The first full week of August typically comes with the realization that summer is waning, syllabi must be written, and the school year will be here soon. That is where I find myself this muggy Monday morning as I write this.
Most years there is also excitement about the new year starting. I am always much more excited about the "new year" in August/September than in January. I guess this is because my entire life has been dictated by an academic calendar, both as a student in school for oh-so-many years and as a professor for over 20.
But this year I feel a lot of trepidation, nervousness, and even some anxiety. There have been a lot of structural changes at my institution. Higher Education is going through some very difficult times as an industry and needs to change in very fundamental ways (and, as an industry, really doesn't like to change very much). I find myself feeling like I am standing on shifting sands because of these tumultuous times. And I'm not even talking here about the political world in which we find ourselves.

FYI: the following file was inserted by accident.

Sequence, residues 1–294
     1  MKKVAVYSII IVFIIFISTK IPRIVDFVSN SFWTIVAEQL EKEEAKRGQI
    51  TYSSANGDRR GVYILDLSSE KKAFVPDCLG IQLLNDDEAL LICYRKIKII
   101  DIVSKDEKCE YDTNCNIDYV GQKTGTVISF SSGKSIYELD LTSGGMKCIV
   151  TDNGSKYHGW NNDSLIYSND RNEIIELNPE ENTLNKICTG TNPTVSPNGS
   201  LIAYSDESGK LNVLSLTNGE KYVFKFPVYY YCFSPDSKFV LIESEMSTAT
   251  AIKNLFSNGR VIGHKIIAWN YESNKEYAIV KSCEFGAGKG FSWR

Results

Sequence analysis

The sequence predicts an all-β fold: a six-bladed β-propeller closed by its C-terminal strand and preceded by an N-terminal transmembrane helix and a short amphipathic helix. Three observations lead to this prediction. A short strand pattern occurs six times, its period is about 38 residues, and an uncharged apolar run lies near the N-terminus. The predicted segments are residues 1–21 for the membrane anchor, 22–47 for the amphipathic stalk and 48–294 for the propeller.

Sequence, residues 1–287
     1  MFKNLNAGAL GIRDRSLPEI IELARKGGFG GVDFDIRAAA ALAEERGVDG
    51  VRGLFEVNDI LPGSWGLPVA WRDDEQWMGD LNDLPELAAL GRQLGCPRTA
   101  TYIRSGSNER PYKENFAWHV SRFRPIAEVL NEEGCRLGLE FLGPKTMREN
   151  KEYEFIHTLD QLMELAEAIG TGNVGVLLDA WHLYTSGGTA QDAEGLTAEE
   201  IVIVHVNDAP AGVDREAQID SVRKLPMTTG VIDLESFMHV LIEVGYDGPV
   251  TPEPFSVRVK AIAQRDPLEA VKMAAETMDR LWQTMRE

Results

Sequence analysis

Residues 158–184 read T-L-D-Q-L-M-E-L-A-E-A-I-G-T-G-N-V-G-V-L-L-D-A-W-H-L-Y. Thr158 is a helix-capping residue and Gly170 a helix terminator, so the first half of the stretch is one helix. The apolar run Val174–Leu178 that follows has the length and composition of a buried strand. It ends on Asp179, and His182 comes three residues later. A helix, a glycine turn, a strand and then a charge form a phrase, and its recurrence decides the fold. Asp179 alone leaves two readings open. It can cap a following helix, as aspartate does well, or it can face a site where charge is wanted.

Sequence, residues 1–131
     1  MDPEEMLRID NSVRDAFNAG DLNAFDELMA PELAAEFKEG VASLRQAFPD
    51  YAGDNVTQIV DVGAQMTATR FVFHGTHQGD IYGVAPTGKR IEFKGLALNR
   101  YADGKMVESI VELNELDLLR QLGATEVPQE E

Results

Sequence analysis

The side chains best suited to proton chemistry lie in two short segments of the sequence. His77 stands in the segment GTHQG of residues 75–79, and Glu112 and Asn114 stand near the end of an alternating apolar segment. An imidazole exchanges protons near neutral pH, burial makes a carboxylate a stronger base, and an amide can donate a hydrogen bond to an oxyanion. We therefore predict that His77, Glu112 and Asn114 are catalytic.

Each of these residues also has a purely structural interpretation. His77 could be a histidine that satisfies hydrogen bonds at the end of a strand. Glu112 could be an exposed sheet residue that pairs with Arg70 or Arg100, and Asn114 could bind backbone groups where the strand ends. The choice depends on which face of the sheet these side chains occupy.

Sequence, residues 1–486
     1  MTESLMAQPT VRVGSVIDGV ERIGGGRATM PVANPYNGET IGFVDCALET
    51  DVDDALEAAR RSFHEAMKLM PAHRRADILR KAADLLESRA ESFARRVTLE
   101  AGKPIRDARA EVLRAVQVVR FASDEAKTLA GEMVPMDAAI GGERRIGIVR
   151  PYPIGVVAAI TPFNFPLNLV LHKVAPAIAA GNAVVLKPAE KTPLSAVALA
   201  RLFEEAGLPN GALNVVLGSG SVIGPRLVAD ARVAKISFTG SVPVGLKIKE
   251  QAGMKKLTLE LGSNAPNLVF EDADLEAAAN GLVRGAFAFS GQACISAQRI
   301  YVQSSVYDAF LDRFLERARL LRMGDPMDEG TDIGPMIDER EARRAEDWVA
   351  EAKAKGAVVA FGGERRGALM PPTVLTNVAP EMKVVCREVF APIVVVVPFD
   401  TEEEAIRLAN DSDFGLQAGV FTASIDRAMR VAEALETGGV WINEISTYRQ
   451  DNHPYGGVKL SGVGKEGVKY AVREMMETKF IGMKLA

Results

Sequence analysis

While I am still working on some writing (and likely will be until my first class meets in person on August 28), I find myself more and more looking to reconnect with students. Doing so always helps to ground me. One texted me last night about changing his major, and could I help him figure out the best first class in that major to take. (That major is not in my department, by the way). Another asked to talk to me on the phone last week because he broke up with his girlfriend and had a new idea for a business venture and he wanted my opinion. The football team will report for camp this coming Saturday and a week from today I plan to see them on the practice field.
I hope that the return of the students will re-ground me in what is important in my life. While I do enjoy the luxury of the summer, even though I have been working hard every day on my writing projects, I do miss the students, who are very much the reason that I write, read, and ultimately, teach. Perhaps I will feel less anxious when the students arrive on campus, since they are the reason that we have a college at all.
For me, it truly is all about the students.